exist at different times.
- The spatial parts of an occurrent, which are called
participants, may exist at the same time, but an occurrent
may have different participants at different stages.
- There are no identity conditions that can be used to identify
two occurrents that are observed in nonoverlapping space-time regions.
A person's lifetime, for example, is an occurrent. Different stages
of a life cannot be reliably identified unless some continuant, such as
the person's fingerprints or DNA, is recognized by suitable identity
conditions at each stage. Even then, the identification depends on an
inference that presupposes the uniqueness of the identity conditions.
(RPO) = PrehensionÇOccurrent.
- A prehension (RP) considered as an occurrent (O) during the interval
of interest. The prehending entity is a process (IPO), and the
prehended entity is called a participant.
- Physical (P).
- An entity that has a location in space-time.
Formally, Physical is a primitive that satisfies the following axiom:
- Anything physical is located in some place:
- Anything physical occurs at some point in time:
More detailed axioms that relate physical entities to space, time,
matter, and energy would involve a great deal physical theory,
which is beyond the scope of the KR book.
(IPO) = ActualityÇOccurrent.
- Actuality (IP) considered as an occurrent (O) during the interval of interest.
Depending on the time scale and level of detail, the same actual entity may
be viewed as a stable object or a dynamic process. Even an entity as stable
as a diamond could be considered a process when viewed over a long time period
or at the atomic level of vibrating particles. For further discussion, see
the web page on processes.
- Prehension (RP).
- A physical entity (P) relative (R) to some entity or entities.
The has-test is used to check whether an entity x
prehends an entity y. If so, the prehension may be expressed
- Proposition (RA).
- An abstraction (A) that relates (R) some entity or entities.
In logic, the assertion of a proposition is a claim that the abstraction
corresponds to some aspect or configuration of the entity or entities
involved. As an example, the statement cat(Yojo) expresses a proposition
that the form labeled Cat characterizes the entity named Yojo.
According to Peirce and Whitehead, more complex propositions are asserted
by constructing a compound predicate, such as a mathematical expression
or a diagram, and using it to characterize the prehensions that relate
(MAO) = IntentionÇOccurrent.
- Intention (MA) that has the form of an occurrent (O).
As an example, the words and notes of the song "Happy Birthday"
constitute a script (IAO); a description of how people at a party sang
the song is history (RAO); and the intention (MA) that explains
the situation (MPO) is a purpose (MAO).
The basic axioms for Purpose are inherited from its supertypes Mediating,
Abstract, and Occurrent. Lower-level axioms relate purposes to actions
- Time sequence.
If an agent x performs an act y whose purpose is
a situation z, the start of y occurs before the start
If an agent x performs an act y whose purpose is
a situation z
described by a proposition p, then it is possible that z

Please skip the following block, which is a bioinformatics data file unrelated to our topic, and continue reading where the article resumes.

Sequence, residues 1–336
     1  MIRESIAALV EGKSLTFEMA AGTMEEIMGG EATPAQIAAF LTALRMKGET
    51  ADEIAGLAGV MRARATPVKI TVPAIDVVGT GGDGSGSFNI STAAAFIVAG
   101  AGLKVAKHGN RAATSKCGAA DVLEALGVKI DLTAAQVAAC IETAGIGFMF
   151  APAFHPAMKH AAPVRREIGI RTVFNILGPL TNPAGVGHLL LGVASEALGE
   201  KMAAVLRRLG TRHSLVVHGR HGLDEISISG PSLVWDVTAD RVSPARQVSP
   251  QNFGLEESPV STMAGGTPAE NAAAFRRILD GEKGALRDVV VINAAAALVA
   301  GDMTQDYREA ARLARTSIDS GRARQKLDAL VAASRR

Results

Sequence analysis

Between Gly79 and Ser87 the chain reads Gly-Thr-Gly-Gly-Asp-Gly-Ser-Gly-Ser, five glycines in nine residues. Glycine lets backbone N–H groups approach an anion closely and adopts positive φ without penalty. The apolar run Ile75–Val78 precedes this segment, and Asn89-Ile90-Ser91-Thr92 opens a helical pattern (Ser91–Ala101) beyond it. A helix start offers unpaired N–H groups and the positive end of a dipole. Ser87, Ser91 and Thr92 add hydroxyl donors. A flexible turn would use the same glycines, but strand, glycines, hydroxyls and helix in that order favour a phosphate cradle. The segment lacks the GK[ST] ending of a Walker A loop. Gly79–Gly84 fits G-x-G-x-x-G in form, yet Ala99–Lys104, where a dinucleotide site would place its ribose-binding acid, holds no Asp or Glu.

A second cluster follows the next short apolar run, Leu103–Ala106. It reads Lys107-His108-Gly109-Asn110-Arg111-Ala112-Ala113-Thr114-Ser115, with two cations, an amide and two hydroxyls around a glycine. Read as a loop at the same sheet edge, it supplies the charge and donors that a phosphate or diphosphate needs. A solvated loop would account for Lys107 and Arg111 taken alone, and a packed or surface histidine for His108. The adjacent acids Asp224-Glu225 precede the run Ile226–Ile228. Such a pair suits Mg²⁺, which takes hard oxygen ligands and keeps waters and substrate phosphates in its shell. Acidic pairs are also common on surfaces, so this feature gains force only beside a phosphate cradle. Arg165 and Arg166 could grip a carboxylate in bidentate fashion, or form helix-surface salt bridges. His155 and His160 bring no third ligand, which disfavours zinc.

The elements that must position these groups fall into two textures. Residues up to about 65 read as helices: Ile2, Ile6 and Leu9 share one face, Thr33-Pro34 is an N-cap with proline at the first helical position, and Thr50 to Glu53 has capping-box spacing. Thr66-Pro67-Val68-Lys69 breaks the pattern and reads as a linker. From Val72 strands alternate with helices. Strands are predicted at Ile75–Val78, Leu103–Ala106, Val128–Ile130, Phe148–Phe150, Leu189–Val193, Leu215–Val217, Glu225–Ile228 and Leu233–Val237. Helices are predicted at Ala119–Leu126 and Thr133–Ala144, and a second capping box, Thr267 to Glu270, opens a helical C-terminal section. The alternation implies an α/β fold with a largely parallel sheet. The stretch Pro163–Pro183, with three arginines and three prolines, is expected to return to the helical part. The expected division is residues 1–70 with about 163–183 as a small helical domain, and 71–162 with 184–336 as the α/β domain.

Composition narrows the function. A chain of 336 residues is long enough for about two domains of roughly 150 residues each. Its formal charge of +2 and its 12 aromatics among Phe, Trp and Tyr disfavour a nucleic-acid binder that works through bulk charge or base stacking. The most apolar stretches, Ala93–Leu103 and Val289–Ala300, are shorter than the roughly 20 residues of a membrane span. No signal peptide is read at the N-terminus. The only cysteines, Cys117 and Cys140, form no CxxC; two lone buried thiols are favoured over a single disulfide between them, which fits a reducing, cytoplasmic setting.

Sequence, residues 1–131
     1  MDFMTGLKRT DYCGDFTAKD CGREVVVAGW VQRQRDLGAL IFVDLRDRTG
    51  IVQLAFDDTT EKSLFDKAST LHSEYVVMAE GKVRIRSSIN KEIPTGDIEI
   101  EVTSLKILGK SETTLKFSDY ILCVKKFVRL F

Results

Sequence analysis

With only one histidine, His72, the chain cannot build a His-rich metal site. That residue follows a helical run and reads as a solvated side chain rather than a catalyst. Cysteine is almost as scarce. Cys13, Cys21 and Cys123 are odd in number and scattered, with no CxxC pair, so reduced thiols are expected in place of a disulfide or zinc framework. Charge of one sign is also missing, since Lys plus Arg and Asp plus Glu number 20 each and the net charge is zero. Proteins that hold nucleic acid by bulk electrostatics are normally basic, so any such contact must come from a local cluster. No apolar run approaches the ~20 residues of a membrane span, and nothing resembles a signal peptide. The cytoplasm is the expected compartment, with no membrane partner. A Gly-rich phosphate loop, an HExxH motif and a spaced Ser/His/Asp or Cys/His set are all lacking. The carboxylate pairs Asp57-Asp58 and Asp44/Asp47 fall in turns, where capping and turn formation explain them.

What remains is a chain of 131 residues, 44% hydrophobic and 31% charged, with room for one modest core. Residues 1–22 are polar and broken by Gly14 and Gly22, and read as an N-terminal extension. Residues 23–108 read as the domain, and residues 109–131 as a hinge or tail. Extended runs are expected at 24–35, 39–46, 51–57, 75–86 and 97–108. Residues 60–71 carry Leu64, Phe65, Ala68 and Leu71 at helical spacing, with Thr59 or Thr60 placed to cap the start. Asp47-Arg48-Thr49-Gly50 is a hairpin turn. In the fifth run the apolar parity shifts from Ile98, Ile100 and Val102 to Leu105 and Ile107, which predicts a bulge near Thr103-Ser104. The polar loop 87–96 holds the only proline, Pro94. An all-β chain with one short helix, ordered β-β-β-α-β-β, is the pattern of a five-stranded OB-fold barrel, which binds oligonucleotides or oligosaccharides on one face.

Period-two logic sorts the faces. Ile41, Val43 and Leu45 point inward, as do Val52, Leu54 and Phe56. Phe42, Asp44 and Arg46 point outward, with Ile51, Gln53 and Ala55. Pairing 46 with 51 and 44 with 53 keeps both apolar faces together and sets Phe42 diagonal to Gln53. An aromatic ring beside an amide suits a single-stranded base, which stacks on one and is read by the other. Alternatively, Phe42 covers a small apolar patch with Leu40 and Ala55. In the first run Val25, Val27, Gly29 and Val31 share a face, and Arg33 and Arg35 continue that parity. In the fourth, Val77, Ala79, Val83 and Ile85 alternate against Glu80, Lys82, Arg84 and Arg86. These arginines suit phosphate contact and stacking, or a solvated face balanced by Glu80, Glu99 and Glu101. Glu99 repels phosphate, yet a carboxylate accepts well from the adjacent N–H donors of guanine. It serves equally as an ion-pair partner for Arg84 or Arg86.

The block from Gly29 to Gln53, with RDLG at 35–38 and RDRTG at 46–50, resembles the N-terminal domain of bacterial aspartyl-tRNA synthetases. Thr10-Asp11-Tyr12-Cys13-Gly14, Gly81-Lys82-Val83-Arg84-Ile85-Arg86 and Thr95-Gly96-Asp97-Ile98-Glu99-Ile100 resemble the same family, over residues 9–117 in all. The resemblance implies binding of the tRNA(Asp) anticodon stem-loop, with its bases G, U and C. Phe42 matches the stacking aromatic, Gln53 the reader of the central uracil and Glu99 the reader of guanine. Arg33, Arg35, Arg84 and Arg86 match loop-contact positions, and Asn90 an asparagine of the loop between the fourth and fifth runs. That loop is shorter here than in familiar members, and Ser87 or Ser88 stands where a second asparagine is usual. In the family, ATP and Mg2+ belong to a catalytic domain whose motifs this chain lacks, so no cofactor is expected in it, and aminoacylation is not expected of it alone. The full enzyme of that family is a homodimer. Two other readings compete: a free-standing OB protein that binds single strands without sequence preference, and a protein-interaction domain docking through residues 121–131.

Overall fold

might not occur or that p might not be true of z.
- Success or failure.
If an agent x performs an act y whose purpose is
a situation z described by a proposition p, then x
is said to be successful if z occurs and p is true
of z; otherwise, x is said to have failed.
For further discussion, see the web page
(MAC) = IntentionÇContinuant.
- Intention (MA) that has the form of a continuant (C).
Unlike a simple description (Secondness), a reason explains an entity
in terms of an intention (Thirdness).
For a birthday party, a description might list the presents,
but a reason would explain why the presents are relevant to the party.
- Relative (R).
- An entity in a relationship to some other entity.
Formally, Relative is a primitive for which the has-test
- ("x:Relative)o($y)(has(x,y) Ú has(y,x)).
For any relative x,
there must exist some y such that x has y or y has x.
(IAC) = FormÇContinuant.
- A form (IA) that has the structure of a continuant (C).
A schema is an abstract form (IA) whose structure
does not specify time or timelike relationships. Examples include
geometric forms, the syntactic structures of sentences in some
language, or the encodings of pictures in a multimedia system.
(IAO) = FormÇOccurrent.
- A form (IA) that has the structure of an occurrent (O).
A script is an abstract form (IA) that represents
time sequences. Examples include computer programs, a recipe for baking
a cake, a sheet of music to be played on a piano, or a differential
equation that governs the evolution of a physical process.
A movie can be described by several different kinds of scripts:
the first is a specification of the actions and dialog to be
acted out by humans; but the sequence of frames in a reel
of film is also a script that determines a process carried out
by a projector that generates flickering images on a screen.
(MPO) = NexusÇOccurrent.
- A nexus (MP) considered as an occurrent (O).
A situation mediates the participants of some process,
whose stages may involve different participants at different times.
(MPC) = NexusÇContinuant.
- A nexus (MP) considered as a continuant (C).
A structure mediates multiple objects whose junctures constitute
The task of formalizing everything is like the construction of a medieval
cathedral: it takes centuries to complete, and when it is done,
someone else will have a plan for an even grander cathedral.
Whitehead's motto is the best guideline: "We must be systematic,
but we should keep our systems open." For further discussion of the
problems and issues, see Chapter 6 on "Knowledge Soup" in the book
Send comments to John F. Sowa.